LAFAYETTE -- Everything about former Golden State Warriors center Adonal Foyle stacks up; although he claims in an interview before a June 21 appearance in Lafayette to be "small," he's just wrong.
Sure, many NBA players loom larger on the vertical scale than his 6 feet 10 inches. But his reach -- before, during and after his 12-plus years of pro ball -- is unique among those who have laced 'em up. His humanitarian actions are leaving footprints larger than his size-17 shoes.
Growing up on Canouan, a 3.5-mile-wide Caribbean island in the Grenadines near St. Vincent, Foyle tried to fit in. There were 500 inhabitants and no electricity. At night, making his way home along pitch-dark paths, Foyle was grateful for the guiding light from neighbors' kerosene lamps. His lanky limbs and the oversized hands he says make keyboarding hard were cause for grief in an awkward teen, but they became his ticket to big-time hoops when two professors from Philadelphia spotted him in a summer game in Dominica.
"My stepparents gave me the opportunity to become a man," Foyle says, about Jay and Joan Mandle.
In addition to providing a home in the U.S. and a chance to be the first in his family to graduate from college, the Mandles issued a challenge: Foyle recalls a shoe box full of flash cards and a daily requirement to learn 15 new words.
"Prestidigitation -- I remember thinking, 'Who uses that word?'" he said before a public discussion at the Lafayette Library and Learning Center's inaugural Authors & Athletes event. "I worked so hard to catch up with reading; it transformed my life. Reading was huge. If you can read, you can go anywhere in this world."
From high school, Foyle went to Colgate University in upstate New York and began to dream. With "31" emblazoned on his jersey, he vowed to "make this number mine." Four years later, he was the eighth pick in the NBA's first round. Two years later, while becoming the Warriors' all-time leading shot blocker, he graduated magna cum laude with a history degree.
The lessons of the NBA were hard, Foyle says. He went from college's 32-game season to the grueling 82-game pro schedule. Every January, he "ran into a wall," even though he said basketball was as much mental as it was physical.
"You don't let anybody get in here," he says, pointing to his head. "It has to be impenetrable. And you have to tie your shorts, 'cause they'll pull your pants down, set your alarm early, order 1 a.m. room service."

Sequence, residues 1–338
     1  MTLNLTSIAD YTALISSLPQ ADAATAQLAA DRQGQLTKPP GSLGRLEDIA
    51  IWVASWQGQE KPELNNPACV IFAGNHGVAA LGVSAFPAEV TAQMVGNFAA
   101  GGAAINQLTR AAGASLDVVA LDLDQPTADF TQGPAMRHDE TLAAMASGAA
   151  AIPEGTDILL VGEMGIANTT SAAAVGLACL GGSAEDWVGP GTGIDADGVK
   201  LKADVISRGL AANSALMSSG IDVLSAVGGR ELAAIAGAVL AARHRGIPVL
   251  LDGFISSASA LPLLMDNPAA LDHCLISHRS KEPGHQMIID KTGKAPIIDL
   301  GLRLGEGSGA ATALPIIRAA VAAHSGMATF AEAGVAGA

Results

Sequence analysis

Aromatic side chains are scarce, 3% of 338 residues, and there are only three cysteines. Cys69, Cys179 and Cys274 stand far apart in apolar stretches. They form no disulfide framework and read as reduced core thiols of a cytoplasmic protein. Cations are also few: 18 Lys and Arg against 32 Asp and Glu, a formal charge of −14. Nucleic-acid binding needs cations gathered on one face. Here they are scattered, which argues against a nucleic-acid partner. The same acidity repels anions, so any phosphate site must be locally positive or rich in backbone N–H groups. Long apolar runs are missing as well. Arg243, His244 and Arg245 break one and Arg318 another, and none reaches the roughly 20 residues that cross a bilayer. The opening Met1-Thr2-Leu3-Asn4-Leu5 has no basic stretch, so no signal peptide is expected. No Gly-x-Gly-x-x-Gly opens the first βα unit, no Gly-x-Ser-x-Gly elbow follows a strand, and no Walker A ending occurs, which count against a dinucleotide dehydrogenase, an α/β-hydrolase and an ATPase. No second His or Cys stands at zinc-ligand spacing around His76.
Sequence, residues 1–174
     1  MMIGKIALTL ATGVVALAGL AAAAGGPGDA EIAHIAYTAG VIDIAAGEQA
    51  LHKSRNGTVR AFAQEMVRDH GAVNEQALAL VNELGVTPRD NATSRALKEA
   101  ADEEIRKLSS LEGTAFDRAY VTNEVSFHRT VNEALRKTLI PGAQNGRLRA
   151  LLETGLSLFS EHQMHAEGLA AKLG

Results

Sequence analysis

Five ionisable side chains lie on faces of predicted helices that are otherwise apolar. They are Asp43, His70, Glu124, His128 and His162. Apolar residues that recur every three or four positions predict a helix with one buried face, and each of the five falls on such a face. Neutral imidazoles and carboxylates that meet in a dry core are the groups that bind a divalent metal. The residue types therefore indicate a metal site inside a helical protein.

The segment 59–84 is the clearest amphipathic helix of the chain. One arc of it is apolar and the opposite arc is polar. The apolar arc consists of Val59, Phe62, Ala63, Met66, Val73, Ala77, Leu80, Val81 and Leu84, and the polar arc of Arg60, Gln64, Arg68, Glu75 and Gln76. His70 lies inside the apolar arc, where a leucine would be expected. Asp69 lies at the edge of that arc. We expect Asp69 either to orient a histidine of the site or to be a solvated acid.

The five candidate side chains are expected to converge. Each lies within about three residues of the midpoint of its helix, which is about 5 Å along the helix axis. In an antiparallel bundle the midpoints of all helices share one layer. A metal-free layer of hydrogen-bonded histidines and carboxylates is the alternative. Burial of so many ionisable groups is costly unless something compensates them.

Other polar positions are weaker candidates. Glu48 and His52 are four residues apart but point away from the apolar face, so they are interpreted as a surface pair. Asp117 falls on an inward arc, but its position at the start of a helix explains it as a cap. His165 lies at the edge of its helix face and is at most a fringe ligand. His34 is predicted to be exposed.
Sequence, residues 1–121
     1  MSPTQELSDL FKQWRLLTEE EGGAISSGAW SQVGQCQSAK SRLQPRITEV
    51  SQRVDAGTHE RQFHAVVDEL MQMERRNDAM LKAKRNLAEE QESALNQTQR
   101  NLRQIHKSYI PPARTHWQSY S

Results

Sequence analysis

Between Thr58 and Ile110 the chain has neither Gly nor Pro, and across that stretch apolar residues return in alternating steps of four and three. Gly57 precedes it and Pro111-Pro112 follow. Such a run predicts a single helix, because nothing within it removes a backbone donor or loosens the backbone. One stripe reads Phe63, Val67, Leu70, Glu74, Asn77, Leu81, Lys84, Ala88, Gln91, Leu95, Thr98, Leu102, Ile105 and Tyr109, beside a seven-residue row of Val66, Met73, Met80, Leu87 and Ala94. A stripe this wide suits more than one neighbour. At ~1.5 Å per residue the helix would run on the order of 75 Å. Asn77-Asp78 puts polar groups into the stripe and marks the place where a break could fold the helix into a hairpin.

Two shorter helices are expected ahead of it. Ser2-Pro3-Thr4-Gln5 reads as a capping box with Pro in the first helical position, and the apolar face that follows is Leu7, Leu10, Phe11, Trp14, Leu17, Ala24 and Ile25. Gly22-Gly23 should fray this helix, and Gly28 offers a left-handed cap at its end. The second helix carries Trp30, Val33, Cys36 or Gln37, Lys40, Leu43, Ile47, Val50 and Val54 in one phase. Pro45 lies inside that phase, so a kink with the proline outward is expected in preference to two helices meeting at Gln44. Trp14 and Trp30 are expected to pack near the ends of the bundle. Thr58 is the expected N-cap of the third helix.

And those were just his teammates. Foyle said an NBA player has to know his opponents -- all 450 of them -- better than he knows himself. For young kids, just 18 or 19 years old and still trying to figure out who they are, the temptations and distractions "can be disastrous," he says.
During his playing career and after retiring, Foyle landed in far different, safer territory. A return trip to Canouan and a pickup game on a dilapidated court set him on a second career trajectory. He remembers a group of kids watching him shoot hoops. Eventually, he asked if they'd join him.
"They said, 'Yeah!'" he recalls. "That was our first camp. Curious kids, wanting to learn."
Today, Foyle's Kerosene Lamp Foundation provides basketball camps, educational support, health counseling, and refurbishes and builds basketball courts for children in the U.S. and the Caribbean. Democracy Matters, a campus-based organization promoting democracy through paid internships for college students and high school fellowships, extends his influence to young adults.
And now, Foyle extends his reach to the youngest generation with his debut children's picture book, "Too-Tall Foyle Finds His Game." Written with KLF Executive Director Shiyana Valentine and sporting vivid, colorful illustrations by Toni Pawlowsky, the book tells Foyle's unadorned story of overcoming adversity and making a mark in the world.
"As pro ball players, we have the potential to be incredible role models," he says. "The NBA validated my message, but I dove into community and broke that wall with kids at every game. They come up to me now and it's still big in their lives."
Foyle has a home in Orinda, but he spends much of his time in Florida. He says he misses the opera, the symphony and even crossing the Bay Bridge and wondering whether construction will ever be complete. The area's diversity is unbeatable, he said. "You could live here forever and not be bored," he says.
Foyle's "Too-Tall" book series will continue, and his character will eventually travel to America. It remains to be seen if "Too-Tall" will become an author, one of the toughest challenges Foyle has faced since leaving the NBA.
"Writing is laborious!" he exclaims. "I lived the story, so it should be easy, but choosing what to put in and what to leave out is difficult. And my fingers are too big for laptops: I use fat yellow pads."